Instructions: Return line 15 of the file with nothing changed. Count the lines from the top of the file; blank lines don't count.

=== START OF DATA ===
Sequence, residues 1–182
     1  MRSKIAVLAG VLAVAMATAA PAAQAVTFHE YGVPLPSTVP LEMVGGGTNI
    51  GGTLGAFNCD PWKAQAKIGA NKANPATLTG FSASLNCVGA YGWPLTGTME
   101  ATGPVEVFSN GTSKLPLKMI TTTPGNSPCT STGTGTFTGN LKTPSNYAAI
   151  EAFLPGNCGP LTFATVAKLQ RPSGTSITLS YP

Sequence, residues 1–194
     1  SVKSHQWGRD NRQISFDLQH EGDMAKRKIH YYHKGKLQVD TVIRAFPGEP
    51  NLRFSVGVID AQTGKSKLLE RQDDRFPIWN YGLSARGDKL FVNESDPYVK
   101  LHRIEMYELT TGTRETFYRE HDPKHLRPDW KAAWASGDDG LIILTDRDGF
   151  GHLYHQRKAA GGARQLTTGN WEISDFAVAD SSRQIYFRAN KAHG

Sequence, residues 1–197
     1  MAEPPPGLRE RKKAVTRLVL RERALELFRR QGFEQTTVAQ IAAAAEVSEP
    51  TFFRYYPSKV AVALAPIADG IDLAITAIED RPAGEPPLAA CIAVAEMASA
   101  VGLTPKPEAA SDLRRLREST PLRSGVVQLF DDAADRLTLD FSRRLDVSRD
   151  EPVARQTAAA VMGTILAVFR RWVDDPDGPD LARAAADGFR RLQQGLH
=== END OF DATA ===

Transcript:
   151  EPVARQTAAA VMGTILAVFR RWVDDPDGPD LARAAADGFR RLQQGLH